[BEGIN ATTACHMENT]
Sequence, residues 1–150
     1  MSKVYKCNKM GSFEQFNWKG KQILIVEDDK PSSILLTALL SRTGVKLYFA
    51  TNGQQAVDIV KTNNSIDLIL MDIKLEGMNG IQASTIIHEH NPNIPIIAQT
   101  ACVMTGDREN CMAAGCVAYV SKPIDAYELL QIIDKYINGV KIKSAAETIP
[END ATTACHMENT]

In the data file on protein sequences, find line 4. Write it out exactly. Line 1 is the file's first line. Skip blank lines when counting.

   101  ACVMTGDREN CMAAGCVAYV SKPIDAYELL QIIDKYINGV KIKSAAETIP